“Beyond our ideas of right-doing and wrong-doing, there is a field. I’ll meet you there. When the soul lies down in that grass, the world is too full to talk about. Ideas, language, even the phrase ‘each other’ doesn’t make sense any more.” Rumi
I love the quote posted above. A friend of mine used to quote the first two lines all the time. I was contemplating this poem and the depth of its meaning. The thing that struck me the most was the idea that Rumi is calling on the reader to hold a space. It is a space of peace, a place of oneness, a space of calm that will help shape who we are and what we are to become. It is a space beyond the agitation of the mind and worldliness. It is a paradise and one of bliss where one can lose himself/herself in time.
How do we get there? How does this space help us in our every day lives? Is that space truly attainable in this life? These are tough questions that each one of us has to figure out if we are to move forward in life. We need to look at the foundation of our decision-making process. We need to discern where that place is for us and how it will serve us in life. We need to consider the positive outcomes of good choices that were made with an intention to do right that has shown us the path of peace in this space.
On a deeper note, though, the above passage challenges us, and the author is empowering his reader to see something greater. He implies that a place of peace is possible. The author is implying that there is part of our consciousness that can help us discern something greater. There is a place for truth in our hearts that rises above the challenges of every day life. Some mystics call this place unity consciousness or non-duality. It is this place that holds an understanding of the natural law of goodness. Jesus called it “The Kingdom of God within.”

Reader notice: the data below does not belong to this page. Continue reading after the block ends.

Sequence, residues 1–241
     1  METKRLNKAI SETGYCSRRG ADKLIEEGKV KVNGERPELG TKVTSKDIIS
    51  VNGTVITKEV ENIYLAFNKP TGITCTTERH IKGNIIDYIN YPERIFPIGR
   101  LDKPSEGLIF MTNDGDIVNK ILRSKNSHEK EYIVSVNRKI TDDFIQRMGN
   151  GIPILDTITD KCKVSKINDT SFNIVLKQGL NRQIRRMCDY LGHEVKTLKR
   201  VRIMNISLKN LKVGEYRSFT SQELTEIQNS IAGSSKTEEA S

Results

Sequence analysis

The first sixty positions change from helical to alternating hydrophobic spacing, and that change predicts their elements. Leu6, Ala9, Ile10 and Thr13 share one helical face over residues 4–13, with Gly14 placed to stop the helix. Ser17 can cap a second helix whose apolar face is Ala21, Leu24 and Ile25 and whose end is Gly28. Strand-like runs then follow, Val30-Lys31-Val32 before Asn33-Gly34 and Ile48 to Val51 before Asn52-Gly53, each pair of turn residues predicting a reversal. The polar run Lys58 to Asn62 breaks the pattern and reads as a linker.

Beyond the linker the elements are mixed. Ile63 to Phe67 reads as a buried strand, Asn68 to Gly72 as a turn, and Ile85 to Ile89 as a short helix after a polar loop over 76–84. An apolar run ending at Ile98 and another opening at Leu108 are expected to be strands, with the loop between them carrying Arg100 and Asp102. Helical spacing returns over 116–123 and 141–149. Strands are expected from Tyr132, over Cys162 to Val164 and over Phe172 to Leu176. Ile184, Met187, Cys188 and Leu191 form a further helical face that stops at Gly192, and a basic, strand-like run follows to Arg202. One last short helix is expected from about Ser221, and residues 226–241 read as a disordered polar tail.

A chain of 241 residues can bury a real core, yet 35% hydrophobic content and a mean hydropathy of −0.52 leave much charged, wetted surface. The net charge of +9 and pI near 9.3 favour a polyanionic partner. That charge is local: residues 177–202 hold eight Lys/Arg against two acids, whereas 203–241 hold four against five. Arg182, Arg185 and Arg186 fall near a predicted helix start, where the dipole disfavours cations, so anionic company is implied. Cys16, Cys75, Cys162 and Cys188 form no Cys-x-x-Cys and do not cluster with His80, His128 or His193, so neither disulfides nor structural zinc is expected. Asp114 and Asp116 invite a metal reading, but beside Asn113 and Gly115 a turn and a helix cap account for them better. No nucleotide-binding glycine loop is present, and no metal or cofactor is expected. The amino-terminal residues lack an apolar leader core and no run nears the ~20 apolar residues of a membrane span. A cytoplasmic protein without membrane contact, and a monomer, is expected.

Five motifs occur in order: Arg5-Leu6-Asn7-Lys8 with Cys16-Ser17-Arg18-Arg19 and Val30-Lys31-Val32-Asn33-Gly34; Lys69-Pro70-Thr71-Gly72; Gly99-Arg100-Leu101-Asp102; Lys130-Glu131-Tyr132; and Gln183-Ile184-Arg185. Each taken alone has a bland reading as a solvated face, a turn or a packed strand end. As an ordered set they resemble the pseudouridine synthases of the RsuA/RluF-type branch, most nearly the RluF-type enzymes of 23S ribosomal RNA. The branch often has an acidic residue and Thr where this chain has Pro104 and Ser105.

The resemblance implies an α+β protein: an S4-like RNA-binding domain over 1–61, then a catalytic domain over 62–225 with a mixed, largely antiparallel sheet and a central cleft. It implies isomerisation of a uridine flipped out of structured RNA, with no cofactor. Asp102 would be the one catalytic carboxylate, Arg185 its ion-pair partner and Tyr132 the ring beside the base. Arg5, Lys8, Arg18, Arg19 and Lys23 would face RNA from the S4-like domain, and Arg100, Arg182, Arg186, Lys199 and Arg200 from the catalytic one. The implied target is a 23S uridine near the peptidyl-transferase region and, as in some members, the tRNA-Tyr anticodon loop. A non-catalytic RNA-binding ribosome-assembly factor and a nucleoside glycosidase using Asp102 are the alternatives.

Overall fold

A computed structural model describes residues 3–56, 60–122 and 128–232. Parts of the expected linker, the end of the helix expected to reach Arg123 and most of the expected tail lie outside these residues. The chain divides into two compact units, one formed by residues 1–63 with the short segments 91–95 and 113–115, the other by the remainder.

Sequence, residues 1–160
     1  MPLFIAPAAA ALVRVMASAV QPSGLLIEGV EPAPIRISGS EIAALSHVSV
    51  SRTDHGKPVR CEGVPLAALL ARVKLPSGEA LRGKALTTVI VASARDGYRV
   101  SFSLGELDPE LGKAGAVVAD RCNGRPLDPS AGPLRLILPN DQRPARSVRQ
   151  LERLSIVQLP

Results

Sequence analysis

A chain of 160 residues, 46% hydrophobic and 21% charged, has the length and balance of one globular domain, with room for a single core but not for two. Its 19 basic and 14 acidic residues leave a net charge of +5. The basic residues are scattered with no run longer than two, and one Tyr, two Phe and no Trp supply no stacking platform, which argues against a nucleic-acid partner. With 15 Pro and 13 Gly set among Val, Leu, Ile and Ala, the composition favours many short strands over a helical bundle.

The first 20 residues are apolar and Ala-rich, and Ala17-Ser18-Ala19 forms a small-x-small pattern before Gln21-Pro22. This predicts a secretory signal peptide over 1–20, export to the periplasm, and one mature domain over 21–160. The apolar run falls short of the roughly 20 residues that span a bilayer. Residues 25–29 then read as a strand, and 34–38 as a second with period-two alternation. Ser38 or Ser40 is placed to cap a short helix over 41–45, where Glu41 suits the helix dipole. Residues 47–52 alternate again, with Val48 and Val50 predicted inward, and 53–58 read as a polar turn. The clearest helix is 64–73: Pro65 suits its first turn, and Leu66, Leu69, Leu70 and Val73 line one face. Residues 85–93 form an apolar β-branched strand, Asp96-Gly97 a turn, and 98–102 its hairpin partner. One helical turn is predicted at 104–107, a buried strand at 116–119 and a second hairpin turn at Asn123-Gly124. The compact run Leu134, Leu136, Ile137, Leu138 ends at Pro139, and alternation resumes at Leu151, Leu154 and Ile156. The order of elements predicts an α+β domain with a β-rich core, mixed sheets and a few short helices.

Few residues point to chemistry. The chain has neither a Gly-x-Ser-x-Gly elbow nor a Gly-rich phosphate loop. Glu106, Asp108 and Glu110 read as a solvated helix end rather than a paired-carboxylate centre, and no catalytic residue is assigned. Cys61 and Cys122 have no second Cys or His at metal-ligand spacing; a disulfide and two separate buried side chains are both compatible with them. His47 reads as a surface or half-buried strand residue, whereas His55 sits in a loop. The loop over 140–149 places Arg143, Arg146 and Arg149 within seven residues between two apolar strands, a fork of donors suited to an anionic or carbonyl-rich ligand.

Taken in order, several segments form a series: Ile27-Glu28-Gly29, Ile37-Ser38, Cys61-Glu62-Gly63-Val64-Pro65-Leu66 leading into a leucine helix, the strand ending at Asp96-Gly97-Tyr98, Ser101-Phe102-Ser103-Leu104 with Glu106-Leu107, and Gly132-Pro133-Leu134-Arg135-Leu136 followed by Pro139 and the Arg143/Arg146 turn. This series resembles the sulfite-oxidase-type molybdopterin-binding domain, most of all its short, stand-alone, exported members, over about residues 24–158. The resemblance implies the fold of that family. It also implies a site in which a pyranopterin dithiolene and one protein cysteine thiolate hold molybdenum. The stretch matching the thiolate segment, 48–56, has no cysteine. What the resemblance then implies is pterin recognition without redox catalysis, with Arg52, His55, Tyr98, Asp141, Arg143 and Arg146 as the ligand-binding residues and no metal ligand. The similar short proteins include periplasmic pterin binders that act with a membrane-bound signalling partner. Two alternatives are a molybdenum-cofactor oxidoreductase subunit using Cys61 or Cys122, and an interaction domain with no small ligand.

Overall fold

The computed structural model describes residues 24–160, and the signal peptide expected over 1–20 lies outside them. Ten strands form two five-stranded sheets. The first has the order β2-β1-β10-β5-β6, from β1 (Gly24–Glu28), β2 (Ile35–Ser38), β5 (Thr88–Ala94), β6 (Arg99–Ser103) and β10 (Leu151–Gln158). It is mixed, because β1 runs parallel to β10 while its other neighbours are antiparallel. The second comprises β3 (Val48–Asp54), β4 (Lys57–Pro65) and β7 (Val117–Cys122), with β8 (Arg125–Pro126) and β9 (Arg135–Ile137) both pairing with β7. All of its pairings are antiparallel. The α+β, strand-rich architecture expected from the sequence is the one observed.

“The Kingdom of God within” is attained by conscious discernment and prayer, and can be accessed through the portal of the heart. Our evolution in this understanding can bring us to this place that can provide answers for us that serve us in our lives. By turning within and giving ourselves time to sit in quiet, we discover a part of being that can temper the storms of disquiet that life can offer.
It is interesting to note that in the early Christian communities, meditation was very much a part of daily life and, some scholars believe, possibly the Mass. The early Church fathers and mothers were able to attain an understanding of this world through their ability to discern what was good for them and not good for them. They were able to tackle the problems of the ego by stepping inside and evaluating what was real and necessary for them to move forward. They found that “Kingdom” within.
Like Jesus, Rumi calls us to recognize the sacred space that can be found within. This space allows us to see love in our hearts. What we do with this love makes all the difference in the world. It makes a difference in how we address others. It makes a difference in how we address challenges and rise above adversity through faith, seeing the constant presence of God in our hearts. It makes a difference in how we tap into the presence of God in our lives. This understanding is what makes all the difference in the world. It is conscious discernment in finding goodness and love in our daily lives and living a life of heartfelt prayerful purpose.
— Look for quiet time in nature.
— Take time to consider how this place might be able to serve you through prayer and meditation.
— Actively seek contemplative practices and how you might be able to access a place of peace through visualization.
How do you find that “space” in your life?